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Oscar voting rules create uneven playing field

LOS ANGELES (Hollywood Reporter) - Will the best picture of the year be named best picture at the Oscars on Sunday?

Critics may carp, but members of the Academy of Motion Picture Arts and Sciences could also have reason to gripe that the eventual winner is not in sync with their tastes.

That’s because the Academy’s complex voting system favors some films over others. And in a race where two titles could easily run neck-and-neck, the voting system can change the results of the election, just as much as it does political ones.

Rick Rosas, a partner at PricewaterhouseCoopers and one of two accountants charged with tabulating the results, says there are years when just a few votes separate the winner from the losers.

“We have had exceedingly close (results), extremely close,” he acknowledges. “This is my eighth year, and I definitely recall having to recount a couple of times for best picture.”

The Academy uses two very different voting procedures to determine the nominees for best picture and the actual winner. It operates a whole other voting system in the foreign language race.

For best picture, since 1936 the Academy has favored what it calls “preferential” voting, a variant on the well-established Single Transferable Vote system.

The way this works, members (and all Academy members are eligible to nominate best picture contenders) choose five movies that they rank in order of preference. For a movie to get nominated, it must be ranked No. 1 by a fifth of the voters.

But what frequently happens is that only two or three movies cross that threshold. In this case, the Academy takes the movie with the lowest number of No. 1 votes and reallocates those votes to the No. 2 choices on the ballots.

Let’s say a voter names “The Day the Earth Stood Still” as his first choice for best picture, but nobody else does. Let’s also say he opts for “Slumdog Millionaire” as his second choice. His vote would be transferred from “Earth” to “Slumdog.”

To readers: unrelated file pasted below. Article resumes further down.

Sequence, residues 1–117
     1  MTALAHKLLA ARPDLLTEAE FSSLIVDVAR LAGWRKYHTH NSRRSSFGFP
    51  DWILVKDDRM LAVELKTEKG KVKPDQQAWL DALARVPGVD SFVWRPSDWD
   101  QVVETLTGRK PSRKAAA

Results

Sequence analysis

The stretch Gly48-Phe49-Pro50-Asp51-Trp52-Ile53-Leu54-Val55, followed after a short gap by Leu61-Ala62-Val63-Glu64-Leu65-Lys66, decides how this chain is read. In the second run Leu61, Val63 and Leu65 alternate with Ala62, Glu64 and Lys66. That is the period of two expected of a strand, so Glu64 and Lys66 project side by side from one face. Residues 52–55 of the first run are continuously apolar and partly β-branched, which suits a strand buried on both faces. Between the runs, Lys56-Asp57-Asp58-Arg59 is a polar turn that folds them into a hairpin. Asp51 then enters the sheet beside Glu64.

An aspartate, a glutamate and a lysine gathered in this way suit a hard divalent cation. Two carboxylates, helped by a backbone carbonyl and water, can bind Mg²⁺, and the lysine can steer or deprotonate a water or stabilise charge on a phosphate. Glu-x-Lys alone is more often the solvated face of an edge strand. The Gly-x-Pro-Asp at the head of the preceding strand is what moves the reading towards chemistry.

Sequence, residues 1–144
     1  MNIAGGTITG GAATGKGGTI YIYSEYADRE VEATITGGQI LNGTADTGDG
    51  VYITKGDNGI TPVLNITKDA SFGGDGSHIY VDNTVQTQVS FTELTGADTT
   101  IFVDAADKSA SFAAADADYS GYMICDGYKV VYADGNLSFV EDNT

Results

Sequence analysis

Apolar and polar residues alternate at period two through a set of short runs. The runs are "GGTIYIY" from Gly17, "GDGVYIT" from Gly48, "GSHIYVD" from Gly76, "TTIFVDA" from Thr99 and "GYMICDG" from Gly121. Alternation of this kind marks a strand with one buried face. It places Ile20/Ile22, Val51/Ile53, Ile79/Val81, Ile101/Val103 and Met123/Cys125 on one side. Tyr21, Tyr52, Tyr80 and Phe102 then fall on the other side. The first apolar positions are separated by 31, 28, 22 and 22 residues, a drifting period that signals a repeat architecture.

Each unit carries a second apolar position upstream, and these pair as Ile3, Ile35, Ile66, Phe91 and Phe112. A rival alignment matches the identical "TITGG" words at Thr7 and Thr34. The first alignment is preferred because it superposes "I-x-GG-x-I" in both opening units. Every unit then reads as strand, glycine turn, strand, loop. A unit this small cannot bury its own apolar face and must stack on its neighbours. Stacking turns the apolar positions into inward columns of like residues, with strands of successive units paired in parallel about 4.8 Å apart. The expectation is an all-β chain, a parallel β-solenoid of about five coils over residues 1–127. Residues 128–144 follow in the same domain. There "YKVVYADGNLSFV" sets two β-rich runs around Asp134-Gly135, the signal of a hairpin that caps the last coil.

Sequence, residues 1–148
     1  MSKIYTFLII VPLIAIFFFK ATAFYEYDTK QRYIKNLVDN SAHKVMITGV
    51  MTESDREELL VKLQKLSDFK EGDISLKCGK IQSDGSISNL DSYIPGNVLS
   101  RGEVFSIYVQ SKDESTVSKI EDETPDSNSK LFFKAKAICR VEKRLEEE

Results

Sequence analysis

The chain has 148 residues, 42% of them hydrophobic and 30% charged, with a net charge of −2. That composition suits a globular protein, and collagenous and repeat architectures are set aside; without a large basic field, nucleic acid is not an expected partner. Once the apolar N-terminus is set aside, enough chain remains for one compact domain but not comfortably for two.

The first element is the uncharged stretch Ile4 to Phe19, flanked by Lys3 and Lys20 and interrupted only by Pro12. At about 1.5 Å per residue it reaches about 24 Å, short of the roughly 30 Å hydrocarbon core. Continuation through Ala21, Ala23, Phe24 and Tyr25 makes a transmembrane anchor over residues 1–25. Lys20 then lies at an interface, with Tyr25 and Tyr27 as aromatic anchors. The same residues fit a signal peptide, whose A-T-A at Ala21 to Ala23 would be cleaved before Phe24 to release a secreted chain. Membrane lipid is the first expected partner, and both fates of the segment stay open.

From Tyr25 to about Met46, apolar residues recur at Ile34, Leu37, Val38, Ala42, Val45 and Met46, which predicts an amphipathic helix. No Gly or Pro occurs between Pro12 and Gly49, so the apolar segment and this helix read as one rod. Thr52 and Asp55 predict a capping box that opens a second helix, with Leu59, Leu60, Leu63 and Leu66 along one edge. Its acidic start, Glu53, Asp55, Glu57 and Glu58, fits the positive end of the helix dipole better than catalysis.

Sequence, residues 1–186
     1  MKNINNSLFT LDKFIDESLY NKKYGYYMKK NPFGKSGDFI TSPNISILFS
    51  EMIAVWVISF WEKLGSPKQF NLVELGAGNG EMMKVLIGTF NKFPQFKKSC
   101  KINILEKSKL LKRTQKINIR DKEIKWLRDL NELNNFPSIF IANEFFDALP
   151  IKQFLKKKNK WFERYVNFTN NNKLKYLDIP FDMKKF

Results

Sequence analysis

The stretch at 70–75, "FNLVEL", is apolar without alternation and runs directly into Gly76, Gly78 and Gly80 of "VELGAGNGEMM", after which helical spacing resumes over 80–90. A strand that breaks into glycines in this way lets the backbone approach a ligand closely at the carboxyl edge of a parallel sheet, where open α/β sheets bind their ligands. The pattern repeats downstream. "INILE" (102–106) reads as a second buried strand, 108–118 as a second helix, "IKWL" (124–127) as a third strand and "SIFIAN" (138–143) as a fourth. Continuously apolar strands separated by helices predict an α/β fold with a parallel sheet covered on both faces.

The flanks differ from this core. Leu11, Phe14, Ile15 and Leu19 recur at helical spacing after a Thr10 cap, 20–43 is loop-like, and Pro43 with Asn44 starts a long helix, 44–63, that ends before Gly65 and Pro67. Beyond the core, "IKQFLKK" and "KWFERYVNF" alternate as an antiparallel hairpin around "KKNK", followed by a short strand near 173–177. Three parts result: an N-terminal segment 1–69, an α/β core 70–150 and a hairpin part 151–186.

The process continues, eliminating from the bottom up, until five pictures have crossed the one-fifth threshold.

When members vote for the winner, however, a different system applies. At that stage it becomes a simple matter of first-past-the-post. So in theory, if four of this year’s best picture nominees get just under 20% of the vote, and “Slumdog” gets just over 20%, it will win the Oscar. A plurality, not a majority, wins.

“With five nominees, in a significant number of cases, the Oscar recipient may have less than 50% of the vote -- they never tell us,” says the Academy’s executive director, Bruce Davis, referring to Pricewaterhouse-Coopers. “Theoretically, in a really tight race, you could win it with 21% of the vote.”

Why should we care? The answer is that each system favors a different kind of movie.

For the nomination stage, it doesn’t matter if some people are passionate about your movie, even if they constitute almost 20% of the voters; what matters is that enough other people like it so much they are willing to rank it No. 2. So a picture like “The Wrestler,” which has a coterie of ardent fans but which also polarized audiences, might have had a significant number of people who made it their first choice, but not enough second-place votes to end up with a nomination.

By contrast, a widely respected picture like “The Reader” might have been fewer voters’ first choice, but it could have ended up with so many second or third-place nods that it was nominated.

This could be one reason “The Dark Knight” failed to get nominated, an oversight that several insiders believe will have a serious effect on the Oscarcast’s declining ratings. Many of the Academy’s younger members might have made it their first choice, but not enough to cross the 20% threshold. Then too few older members placed it second on their ballots.

If this nominating system favors generally acceptable films over ones that are adored by a passionate minority, by contrast, the method for choosing the winner benefits one film with the most intense support. So if more people are truly passionate about “Benjamin Button” than, say, “Frost/Nixon,” it will win the Oscar -- regardless of the fact that “Frost/Nixon” might draw more second-place votes.

(Editing by Dean Goodman at Reuters)

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